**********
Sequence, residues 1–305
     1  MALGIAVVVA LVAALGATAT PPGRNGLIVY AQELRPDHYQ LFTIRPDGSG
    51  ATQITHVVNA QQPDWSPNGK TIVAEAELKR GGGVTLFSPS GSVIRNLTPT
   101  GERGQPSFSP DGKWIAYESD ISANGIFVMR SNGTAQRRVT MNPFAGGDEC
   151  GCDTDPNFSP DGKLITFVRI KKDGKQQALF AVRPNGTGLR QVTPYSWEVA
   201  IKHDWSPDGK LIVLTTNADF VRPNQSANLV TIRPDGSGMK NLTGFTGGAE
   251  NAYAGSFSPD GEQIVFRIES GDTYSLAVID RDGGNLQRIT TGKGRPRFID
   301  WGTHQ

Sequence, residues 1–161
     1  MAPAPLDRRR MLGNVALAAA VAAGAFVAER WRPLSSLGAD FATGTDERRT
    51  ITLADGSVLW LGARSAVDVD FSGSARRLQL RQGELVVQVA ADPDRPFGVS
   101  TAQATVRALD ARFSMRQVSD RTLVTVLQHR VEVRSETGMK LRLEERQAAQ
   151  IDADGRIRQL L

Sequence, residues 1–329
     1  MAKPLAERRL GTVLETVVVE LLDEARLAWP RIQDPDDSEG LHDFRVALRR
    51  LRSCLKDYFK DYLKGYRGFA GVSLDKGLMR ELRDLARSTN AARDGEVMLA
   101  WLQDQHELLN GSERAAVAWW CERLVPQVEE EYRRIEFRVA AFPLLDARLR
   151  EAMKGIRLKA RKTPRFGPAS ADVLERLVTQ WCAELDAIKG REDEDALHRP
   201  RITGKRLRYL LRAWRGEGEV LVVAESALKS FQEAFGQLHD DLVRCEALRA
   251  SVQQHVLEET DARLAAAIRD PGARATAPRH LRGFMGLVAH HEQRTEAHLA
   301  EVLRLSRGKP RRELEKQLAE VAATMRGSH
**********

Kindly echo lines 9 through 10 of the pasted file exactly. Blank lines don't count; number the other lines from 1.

Sequence, residues 1–161
     1  MAPAPLDRRR MLGNVALAAA VAAGAFVAER WRPLSSLGAD FATGTDERRT